Investigators also say Burks, 66, siphoned millions for his personal use, but he has not been charged with a crime. He has agreed to pay a $4 million penalty and cooperate with a federal court-appointed receiver to recoup money.

Burks has told The Associated Press he couldn't discuss details, but said he never told people to invest more money than they could afford.

While Burks launched the online ventures, it's clear that Dawn Olivares played a major role in the fraud, according to documents.

Olivares, who now lives in Clarksville, Ark., "was closely involved in the strategic operations of Zeekler.com and ZeekRewards," federal documents said. And she diverted at least $7.2 million for her personal use.

In her power suits, Olivares was often seen with Burks in Lexington restaurants. She gave high-energy sales pitches and interviews about ZeekRewards' explosive growth. Burks was a familiar face in Lexington — he had lived in the tight-knit community since the early 1990s — but not much was known about Olivares.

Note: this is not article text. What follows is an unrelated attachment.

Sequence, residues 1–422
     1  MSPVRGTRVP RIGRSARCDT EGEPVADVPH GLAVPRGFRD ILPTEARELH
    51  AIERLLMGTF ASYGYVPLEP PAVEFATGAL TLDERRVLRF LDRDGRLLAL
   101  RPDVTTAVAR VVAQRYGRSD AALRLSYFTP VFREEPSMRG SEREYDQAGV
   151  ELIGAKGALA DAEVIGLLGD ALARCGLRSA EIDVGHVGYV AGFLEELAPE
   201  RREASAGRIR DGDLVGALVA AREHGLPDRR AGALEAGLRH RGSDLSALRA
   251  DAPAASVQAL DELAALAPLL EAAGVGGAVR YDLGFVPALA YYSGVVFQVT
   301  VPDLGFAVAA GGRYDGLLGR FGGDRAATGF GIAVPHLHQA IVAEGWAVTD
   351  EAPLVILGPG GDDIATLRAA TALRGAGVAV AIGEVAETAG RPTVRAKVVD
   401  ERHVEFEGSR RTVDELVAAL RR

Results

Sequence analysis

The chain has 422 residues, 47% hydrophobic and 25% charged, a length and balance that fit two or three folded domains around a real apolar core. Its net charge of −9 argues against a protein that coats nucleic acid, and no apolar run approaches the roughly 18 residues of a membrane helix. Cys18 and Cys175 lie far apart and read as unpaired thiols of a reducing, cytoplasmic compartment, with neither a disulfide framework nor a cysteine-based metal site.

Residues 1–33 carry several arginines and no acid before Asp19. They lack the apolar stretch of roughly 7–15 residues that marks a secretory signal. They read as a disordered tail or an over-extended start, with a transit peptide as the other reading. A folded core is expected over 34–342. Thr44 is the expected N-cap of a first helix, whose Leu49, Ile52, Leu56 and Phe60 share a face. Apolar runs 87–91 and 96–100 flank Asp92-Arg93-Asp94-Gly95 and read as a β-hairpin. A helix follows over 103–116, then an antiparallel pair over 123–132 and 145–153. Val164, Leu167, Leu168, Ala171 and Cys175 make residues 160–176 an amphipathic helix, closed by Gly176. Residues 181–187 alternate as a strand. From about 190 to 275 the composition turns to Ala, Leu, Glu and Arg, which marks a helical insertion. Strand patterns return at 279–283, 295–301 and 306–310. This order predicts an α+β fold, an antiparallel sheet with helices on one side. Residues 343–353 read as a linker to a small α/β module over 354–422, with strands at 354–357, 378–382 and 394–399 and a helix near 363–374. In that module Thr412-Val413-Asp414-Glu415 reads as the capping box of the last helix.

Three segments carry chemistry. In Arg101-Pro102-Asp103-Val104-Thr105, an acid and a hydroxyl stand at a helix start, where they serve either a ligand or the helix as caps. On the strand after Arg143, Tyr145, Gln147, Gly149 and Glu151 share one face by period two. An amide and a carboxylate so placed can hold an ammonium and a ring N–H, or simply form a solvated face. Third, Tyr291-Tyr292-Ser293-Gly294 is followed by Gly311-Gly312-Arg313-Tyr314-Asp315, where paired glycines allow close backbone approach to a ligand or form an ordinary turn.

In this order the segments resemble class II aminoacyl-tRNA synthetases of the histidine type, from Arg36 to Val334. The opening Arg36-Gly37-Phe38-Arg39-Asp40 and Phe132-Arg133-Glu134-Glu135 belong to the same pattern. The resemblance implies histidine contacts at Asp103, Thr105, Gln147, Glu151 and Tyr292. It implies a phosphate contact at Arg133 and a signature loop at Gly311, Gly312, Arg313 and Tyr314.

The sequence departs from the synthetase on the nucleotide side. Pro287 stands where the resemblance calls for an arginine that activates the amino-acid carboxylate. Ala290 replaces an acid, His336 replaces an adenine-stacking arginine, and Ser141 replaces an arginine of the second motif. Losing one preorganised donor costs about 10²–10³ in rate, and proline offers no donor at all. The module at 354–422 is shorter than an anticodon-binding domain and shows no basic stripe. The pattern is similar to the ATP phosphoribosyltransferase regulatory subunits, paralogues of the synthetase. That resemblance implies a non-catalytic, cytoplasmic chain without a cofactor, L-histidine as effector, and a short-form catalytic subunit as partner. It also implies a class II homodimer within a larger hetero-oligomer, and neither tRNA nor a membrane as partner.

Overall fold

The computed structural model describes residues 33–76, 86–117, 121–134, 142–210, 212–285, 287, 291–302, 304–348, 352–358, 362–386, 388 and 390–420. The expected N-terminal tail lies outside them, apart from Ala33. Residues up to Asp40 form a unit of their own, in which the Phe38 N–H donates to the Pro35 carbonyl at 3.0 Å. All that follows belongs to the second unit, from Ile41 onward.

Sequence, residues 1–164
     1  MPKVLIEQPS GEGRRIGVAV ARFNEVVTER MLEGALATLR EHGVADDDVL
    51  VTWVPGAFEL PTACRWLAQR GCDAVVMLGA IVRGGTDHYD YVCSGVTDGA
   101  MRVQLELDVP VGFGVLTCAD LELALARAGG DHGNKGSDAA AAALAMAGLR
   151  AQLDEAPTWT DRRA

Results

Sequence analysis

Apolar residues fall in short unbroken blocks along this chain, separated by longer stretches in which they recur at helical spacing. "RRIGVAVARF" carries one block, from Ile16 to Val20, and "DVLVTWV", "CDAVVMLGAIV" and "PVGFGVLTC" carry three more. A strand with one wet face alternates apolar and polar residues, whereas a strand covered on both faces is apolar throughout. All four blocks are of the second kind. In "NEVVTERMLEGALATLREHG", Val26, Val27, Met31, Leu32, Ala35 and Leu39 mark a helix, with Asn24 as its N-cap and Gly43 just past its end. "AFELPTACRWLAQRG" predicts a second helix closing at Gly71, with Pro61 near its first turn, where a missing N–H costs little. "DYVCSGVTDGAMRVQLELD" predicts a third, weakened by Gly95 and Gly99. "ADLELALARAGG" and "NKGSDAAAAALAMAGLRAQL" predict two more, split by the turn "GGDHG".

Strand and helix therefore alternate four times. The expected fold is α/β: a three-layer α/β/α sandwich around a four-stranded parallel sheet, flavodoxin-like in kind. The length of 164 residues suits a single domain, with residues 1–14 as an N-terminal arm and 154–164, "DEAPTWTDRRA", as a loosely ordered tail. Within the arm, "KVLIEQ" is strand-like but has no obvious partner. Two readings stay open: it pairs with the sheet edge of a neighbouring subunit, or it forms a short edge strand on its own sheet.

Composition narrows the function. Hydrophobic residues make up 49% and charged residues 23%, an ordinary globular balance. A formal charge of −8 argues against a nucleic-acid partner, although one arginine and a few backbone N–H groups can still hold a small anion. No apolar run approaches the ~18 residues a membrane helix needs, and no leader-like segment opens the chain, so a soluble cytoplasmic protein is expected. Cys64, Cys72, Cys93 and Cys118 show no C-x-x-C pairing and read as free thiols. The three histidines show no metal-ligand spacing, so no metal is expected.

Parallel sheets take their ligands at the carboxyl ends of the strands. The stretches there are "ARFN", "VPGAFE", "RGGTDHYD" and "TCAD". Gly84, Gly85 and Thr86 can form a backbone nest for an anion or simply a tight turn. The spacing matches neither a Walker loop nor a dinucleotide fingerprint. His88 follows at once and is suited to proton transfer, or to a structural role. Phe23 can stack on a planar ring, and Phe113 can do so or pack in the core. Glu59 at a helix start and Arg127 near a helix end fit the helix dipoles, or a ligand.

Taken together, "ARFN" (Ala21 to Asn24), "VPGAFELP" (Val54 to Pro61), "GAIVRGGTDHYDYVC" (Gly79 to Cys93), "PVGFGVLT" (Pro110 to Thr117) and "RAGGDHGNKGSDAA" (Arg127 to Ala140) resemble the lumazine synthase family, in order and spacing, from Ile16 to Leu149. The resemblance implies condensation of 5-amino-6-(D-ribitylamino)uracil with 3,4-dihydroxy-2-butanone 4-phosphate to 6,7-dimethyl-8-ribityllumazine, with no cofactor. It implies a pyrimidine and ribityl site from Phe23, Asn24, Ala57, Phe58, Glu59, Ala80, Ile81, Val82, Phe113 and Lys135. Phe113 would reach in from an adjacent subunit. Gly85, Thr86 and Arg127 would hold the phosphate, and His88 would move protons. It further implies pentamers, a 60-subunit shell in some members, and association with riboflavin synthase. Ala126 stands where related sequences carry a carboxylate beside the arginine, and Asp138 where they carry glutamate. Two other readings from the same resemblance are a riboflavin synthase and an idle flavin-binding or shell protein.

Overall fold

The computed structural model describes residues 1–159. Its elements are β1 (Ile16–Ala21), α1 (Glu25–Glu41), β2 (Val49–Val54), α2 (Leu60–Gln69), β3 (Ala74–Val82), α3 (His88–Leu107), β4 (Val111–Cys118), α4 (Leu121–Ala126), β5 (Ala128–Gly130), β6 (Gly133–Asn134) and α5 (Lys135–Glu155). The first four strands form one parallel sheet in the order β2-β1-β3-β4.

"She was a mystery," said Caron Myers, one of the hundreds of thousands of investors who lost money.

But documents, interviews and online materials reviewed by The Associated Press show that Olivares had known Burks for years. They met while they worked at a multilevel marketing company in the late 1990s. And when Burks asked her to join Zeekler.com and ZeekRewards in March 2010, she jumped at the chance.

They came from opposite worlds — she was the daughter of a cosmetic executive who grew up in Connecticut; Burks was a quiet, balding man with thick glasses who spent his childhood in Shreveport, La. But they did have one thing in common: Multilevel marketing.

Both had turned to the industry — which sells products directly to consumers — to make money. Burks worked at Amway and other companies to help supplement his income as a magician who toured nursing homes in the 1980s and early 1990s with country singer David Houston. But by the late 1990s, Burks started creating his own multilevel marketing companies.

As a young mother of three, Olivares said she used multilevel marketing to help make ends meet. And she quickly discovered she was good at it — selling everything from Mary Kay to weight loss programs.